Freedom of movement


Country Report: Freedom of movement Last updated: 23/02/22


Bulgarian Helsinki Committee Visit Website

Asylum seekers’ freedom of movement can be restricted to a particular area or administrative zone within Bulgaria, if such limitations are deemed necessary by the asylum authority, without any other conditions or legal prerequisites.[1] The asylum seeker can apply for a permission to leave the allocated zone and if the request is refused, it must be motivated. Such a permission is not required when the asylum seeker has to leave the allocated zone in order to appear before a court, a public body or administration or if he is need of emergency medical assistance. The permitted zones of free movement should be indicated in each individual asylum identification card.[2]

Consecutive failure to observe the zone limitation can result in placement in a closed centre until the asylum procedure ends with a final decision.[3] It was not before September 2017 when the government formally designated the movement zones.[4] These consist of zones covering designated geographical areas around the respective reception centres. The following map illustrates the zone around Sofia:


However, since then, the SAR has not applied this as a ground for detention in a closed centre. At the end of 2017 information boards were placed in all reception centres indicating the respective movement zones applicable for the asylum seekers accommodated therein. In 2021, the SAR applied asylum detention on account of the person’s attempts to leave Bulgaria in 9 cases.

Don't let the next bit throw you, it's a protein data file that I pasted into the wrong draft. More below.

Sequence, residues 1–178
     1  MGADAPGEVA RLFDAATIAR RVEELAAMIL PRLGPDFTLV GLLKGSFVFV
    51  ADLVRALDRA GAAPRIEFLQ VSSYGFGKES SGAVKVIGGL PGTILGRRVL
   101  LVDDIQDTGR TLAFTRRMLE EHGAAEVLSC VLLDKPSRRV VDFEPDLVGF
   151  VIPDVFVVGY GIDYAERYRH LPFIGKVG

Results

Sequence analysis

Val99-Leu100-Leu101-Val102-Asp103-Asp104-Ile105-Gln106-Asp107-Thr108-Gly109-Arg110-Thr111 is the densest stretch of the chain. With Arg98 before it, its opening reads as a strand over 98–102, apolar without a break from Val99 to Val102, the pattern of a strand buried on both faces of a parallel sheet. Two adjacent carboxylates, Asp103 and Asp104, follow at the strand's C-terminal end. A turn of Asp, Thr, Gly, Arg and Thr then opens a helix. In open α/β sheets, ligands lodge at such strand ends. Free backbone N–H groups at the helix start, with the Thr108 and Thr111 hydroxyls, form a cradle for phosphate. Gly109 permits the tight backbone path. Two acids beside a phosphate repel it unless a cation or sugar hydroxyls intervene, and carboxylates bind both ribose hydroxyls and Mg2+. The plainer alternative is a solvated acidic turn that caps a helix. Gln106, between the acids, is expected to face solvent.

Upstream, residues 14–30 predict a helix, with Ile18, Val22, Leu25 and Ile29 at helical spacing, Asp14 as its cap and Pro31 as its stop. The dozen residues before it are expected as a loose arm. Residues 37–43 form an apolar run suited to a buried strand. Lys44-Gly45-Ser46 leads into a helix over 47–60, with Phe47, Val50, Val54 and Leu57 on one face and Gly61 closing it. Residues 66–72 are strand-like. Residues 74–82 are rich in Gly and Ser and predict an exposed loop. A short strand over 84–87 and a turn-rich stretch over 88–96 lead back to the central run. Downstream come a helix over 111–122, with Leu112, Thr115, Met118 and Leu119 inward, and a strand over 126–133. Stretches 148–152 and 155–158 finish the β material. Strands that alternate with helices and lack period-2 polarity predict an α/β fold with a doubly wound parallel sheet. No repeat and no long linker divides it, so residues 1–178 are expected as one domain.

[1]           Article 30(2) and (3) LAR.

[2]           Article 44(1)(11) LAR.

[3]           Article 95a LAR.

[4]           Council of Ministers, Decision No 550 of 27 September 2017.

Table of contents

  • Statistics
  • Overview of the legal framework
  • Overview of the of the main changes since the previous report update
  • Asylum Procedure
  • Reception Conditions
  • Detention of Asylum Seekers
  • Content of International Protection
  • ANNEX – Transposition of the CEAS in national legislation